Muni 28 line is in the process of skipping stops, leaving all passengers still crowded onto a single bus. Skip-Stop with A & B buses, splits the ridership and speed of transit times for all.

    In order to achieve this, to your stated end, will require even more operators.
    No layoffs should take place, even more working personnel will be needed.

    Committing too carrying out and achieving the voters will, when they passed Proposition ‘J’ in 1995. Few if any of the proposals were ever enacted (PDF attached)
    One Coach one Driver – Skip-Stop – Adopting ‘Bar Coding’ for inventory & repair tracking – A complete review of the Proposition ‘J’ will reveal even more.

    Most prominent advisory from Proposition ‘J’ – ‘Stop wastefully idling buses, was addressed and put to bed under your watch.

    Let’s make your vision of ‘Muni as the first choice’ a reality.

    Michael B. Cheney – Retired San Franciso Civil Servant

  8. Joe, I think you missed the point of this whole exercise, which was to give Dean Preston an opportunity to virtue signal. Mission Accomplished!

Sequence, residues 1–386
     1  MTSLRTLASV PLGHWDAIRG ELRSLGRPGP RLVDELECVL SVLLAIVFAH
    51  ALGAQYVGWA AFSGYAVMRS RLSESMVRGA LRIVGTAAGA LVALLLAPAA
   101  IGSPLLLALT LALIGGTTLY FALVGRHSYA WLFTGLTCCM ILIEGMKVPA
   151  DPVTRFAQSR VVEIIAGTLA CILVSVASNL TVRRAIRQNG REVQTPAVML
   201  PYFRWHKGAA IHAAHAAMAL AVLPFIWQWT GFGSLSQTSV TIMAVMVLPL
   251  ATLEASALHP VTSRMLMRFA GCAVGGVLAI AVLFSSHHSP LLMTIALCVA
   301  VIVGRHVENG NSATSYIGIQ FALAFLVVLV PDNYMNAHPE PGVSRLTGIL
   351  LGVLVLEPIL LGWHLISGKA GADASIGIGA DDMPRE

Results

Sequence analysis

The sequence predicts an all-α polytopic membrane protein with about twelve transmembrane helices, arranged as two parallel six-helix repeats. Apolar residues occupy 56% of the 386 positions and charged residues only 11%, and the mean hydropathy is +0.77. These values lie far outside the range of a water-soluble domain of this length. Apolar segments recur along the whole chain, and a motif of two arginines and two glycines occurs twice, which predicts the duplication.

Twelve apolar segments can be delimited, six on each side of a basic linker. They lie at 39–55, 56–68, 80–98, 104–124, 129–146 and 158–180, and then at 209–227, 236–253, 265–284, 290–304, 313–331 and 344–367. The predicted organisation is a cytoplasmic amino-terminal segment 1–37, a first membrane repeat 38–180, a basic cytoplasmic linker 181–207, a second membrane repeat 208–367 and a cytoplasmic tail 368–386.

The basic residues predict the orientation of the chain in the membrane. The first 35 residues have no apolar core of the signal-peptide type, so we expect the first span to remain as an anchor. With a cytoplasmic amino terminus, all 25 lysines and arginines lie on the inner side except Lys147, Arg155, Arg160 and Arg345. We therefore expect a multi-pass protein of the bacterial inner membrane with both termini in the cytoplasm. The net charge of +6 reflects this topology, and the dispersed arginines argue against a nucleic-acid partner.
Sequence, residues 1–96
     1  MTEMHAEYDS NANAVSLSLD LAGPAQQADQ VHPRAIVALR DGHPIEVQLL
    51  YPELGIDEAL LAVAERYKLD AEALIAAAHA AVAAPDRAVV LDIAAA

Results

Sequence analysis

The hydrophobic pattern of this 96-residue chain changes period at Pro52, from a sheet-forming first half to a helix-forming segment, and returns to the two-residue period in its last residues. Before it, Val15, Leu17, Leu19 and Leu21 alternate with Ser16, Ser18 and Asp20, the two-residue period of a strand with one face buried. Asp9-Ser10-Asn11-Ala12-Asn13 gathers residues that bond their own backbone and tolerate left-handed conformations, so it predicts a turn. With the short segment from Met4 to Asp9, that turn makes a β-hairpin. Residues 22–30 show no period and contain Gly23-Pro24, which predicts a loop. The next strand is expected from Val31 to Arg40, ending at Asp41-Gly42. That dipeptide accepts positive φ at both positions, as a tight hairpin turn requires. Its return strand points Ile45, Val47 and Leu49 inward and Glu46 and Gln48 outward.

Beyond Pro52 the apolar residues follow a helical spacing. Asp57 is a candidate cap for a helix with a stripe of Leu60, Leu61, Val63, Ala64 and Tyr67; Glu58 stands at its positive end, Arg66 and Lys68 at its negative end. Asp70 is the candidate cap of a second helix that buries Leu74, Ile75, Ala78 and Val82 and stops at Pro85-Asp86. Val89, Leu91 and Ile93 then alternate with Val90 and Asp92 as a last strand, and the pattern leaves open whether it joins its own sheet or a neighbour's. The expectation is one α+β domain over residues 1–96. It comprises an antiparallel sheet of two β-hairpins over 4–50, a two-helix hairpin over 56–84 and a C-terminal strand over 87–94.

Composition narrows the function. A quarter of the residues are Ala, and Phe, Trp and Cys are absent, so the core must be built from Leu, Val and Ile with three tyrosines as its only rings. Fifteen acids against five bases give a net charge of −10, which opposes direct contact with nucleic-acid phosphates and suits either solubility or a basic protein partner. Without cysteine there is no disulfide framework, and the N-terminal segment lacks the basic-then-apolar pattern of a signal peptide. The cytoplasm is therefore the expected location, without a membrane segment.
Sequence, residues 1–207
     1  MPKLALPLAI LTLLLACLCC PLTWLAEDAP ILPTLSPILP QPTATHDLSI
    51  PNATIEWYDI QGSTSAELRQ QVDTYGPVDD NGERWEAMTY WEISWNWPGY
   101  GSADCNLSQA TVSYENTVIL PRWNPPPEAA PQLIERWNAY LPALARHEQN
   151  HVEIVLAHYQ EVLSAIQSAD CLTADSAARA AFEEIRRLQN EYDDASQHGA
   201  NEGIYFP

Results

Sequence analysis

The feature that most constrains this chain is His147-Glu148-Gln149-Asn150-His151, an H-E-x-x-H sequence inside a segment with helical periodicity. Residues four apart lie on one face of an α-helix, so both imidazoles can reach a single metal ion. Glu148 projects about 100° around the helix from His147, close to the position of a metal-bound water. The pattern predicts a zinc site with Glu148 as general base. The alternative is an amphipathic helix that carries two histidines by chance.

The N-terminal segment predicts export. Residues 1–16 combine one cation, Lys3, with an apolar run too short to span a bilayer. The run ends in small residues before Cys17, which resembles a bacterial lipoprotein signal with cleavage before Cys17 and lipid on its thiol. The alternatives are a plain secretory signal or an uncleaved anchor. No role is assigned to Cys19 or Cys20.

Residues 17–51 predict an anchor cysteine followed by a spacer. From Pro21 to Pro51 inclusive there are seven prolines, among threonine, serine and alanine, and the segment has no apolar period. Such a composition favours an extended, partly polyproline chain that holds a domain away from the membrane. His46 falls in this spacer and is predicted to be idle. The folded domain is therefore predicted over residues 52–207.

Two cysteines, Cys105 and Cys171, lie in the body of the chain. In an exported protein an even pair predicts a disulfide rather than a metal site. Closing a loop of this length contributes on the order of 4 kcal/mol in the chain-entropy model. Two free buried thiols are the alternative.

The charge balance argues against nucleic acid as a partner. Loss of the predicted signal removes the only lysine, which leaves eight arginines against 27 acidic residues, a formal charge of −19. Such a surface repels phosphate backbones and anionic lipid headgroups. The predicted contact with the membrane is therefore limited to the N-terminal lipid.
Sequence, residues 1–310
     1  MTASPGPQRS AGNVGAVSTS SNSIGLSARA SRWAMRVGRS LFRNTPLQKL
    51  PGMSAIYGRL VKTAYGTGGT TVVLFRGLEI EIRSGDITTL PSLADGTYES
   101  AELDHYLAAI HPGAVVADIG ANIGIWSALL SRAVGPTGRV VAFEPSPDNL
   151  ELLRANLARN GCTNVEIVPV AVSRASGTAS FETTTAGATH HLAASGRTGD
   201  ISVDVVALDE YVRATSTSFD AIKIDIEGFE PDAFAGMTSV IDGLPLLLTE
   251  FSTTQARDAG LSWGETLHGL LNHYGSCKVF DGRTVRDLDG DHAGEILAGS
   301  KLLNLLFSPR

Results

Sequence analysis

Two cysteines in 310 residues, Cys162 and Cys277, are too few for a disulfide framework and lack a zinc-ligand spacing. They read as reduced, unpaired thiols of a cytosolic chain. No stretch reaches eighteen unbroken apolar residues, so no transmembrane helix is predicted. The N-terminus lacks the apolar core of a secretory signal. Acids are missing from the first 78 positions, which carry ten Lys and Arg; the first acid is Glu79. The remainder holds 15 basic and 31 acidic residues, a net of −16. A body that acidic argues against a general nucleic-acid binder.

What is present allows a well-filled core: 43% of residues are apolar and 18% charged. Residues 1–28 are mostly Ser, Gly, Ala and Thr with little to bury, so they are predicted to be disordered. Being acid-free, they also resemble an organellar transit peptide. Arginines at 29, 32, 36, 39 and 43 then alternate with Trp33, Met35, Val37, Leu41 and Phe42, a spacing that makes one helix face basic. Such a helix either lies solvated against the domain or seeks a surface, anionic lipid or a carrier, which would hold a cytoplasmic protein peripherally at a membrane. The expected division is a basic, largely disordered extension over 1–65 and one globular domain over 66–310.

9. This is why I drive a 55-year-old Dodge.
    The old girl may be well past her prime. She’s lost much of her glitter. She’s definitely not environmentally sound.
    But unlike MUNI, I can get from point “A” to point “B” in a reasonable amount of time. And I don’t have to be concerned if the bus I’m waiting for even still exists.

  10. Muni is so bad, if it was free, it would still be overpriced. And am not talking about the riders that so many hate, but about the service. Late buses, dumping people out of a full bus to wait for another full bus, buses and trains that breakdown, ghost buses, buses that just don’t come….

  11. Joe, Thanks for prudent analysis. Not what many, of different political stripes, want to read; but worth reading. Also, done without raising the specter of BART suffering further ridership decline if people crowd onto the Mission Lines, a scenario posited by Jeff Tumlin.

    1. Hey, this comments section is free. Any idiot can post here. Even those who seem to have missed any and all points made in the story.